In July 2005, nearly a full decade ago, the federal government wrapped up its most headline-grabbing steroids prosecution in history, against defendants associated with the Bay Area Laboratory Co-operative (BALCO). The final BALCO tally? Four convictions, on an aggregate total of six counts, netting the perps a grand total of seven months in prison combined. The underlying criminal case, wrote the San Francisco Chronicle, "seemed to end with a whimper."
But from President George W. Bush on down, the real perceived "bang" in this case was never about cracking down on illegal steroids dealers, but rather publicly shaming BALCO's most famous customer, the elite slugger (and widely hated personality) Barry Bonds.
Bonds was eventually convicted in 2011 not for illegal drugs, but for obstruction of justice, stemming from the way he answered a grand jury question about using steroids. (This is consistent with how BALCO prosecutions have gone; the longest prison sentences have come not to drug-dealers, but to people who refused to testify.) That first conviction was upheld in 2013 by a three-judge panel from the 9th Circuit Court of Appeals, but then a majority of the Circuit's remaining judges voted to have a larger panel re-hear the case. That panel came back with a ruling this afternoon, and it was resounding: 10-1 against the federal government.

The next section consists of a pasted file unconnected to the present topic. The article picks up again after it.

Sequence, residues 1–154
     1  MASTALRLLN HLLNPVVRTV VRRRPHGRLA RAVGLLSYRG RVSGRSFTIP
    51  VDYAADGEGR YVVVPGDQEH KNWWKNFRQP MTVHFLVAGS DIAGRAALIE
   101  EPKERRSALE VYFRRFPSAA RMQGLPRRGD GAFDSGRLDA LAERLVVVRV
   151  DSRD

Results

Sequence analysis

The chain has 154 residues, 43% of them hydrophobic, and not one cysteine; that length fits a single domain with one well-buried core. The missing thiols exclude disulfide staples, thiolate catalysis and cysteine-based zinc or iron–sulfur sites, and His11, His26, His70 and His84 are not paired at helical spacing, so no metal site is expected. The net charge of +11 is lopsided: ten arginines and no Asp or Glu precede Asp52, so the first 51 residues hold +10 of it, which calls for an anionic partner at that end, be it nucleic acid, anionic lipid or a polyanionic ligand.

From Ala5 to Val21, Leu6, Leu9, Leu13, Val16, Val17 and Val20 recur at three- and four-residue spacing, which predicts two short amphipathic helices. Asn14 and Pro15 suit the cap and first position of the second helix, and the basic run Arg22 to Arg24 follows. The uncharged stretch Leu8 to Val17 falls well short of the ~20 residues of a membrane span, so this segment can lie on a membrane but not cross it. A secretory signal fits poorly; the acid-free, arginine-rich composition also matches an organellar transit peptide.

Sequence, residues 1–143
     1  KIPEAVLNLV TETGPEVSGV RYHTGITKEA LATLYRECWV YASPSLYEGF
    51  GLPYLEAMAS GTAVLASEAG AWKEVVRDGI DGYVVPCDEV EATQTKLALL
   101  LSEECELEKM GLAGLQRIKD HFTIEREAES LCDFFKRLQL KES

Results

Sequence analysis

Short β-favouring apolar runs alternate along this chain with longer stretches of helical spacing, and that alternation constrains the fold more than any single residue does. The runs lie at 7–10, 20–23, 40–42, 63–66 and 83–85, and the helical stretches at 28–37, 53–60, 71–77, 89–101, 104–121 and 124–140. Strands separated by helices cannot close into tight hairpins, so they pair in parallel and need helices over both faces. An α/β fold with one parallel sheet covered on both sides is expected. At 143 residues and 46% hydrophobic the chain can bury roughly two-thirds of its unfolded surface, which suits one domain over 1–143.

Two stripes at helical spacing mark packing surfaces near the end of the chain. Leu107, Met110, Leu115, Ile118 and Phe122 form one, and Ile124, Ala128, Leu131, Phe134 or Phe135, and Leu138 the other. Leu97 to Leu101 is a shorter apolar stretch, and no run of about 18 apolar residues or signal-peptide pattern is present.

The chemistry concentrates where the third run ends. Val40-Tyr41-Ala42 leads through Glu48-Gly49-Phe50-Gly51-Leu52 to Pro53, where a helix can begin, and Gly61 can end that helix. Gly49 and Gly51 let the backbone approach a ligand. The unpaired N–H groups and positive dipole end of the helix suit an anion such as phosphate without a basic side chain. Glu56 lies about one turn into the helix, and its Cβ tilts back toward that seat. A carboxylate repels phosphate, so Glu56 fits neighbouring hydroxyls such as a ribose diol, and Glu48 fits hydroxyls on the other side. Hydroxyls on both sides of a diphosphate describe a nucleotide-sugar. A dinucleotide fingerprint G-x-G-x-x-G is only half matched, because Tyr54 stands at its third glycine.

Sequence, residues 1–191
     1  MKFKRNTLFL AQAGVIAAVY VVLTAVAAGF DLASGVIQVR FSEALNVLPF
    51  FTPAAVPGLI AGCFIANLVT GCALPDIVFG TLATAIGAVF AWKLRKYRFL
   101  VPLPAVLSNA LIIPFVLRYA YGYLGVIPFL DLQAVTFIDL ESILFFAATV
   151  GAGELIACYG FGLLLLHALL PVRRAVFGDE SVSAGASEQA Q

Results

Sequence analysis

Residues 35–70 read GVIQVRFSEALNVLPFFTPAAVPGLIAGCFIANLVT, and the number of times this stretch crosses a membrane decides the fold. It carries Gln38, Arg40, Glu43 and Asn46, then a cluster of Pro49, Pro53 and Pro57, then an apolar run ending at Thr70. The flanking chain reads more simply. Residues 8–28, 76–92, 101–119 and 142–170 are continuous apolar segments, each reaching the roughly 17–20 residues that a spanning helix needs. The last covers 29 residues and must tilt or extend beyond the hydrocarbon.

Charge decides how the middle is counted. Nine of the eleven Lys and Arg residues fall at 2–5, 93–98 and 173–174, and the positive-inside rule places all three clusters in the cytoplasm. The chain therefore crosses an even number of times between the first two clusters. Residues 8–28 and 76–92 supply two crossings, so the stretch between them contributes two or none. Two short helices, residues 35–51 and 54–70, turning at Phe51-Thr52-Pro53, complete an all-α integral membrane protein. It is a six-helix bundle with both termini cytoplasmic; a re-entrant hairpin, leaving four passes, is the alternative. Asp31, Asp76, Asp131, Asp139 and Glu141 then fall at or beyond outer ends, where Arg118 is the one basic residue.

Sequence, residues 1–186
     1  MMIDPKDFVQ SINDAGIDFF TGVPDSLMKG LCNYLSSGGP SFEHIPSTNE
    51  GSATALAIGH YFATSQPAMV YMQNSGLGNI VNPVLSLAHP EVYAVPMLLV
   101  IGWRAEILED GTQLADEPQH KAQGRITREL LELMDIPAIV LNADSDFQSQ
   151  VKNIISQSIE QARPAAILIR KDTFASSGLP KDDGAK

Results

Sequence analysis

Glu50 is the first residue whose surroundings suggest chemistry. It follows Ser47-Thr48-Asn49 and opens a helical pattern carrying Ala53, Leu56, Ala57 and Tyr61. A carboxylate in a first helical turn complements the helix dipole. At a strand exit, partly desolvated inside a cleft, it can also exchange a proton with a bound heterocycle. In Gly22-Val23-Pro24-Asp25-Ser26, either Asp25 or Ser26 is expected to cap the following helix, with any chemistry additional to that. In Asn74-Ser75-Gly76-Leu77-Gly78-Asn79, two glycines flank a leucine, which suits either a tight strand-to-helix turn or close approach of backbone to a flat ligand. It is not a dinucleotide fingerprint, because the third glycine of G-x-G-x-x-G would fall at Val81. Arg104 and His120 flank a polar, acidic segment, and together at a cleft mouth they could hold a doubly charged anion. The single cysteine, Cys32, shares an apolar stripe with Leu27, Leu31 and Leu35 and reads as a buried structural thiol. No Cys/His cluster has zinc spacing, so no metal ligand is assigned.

"Real-life witness examinations, unlike those in movies and on television, invariably are littered with non-responsive and irrelevant answers," Judge Alex Kozinski wrote in the ruling.
More from the Associated Press:
Jessica Wolfram, one of the jurors who convicted Bonds, said she couldn't help but feel it was "all a waste, all for nothing."
"Just a waste of money, having the whole trial and jury," she said.
Best quote comes from BALCO founder Victor Conte:
"Let's hope the prosecutors choose not to waste any more resources on what has been nothing more than a frivolous trophy-hunt and a complete waste of taxpayer dollars."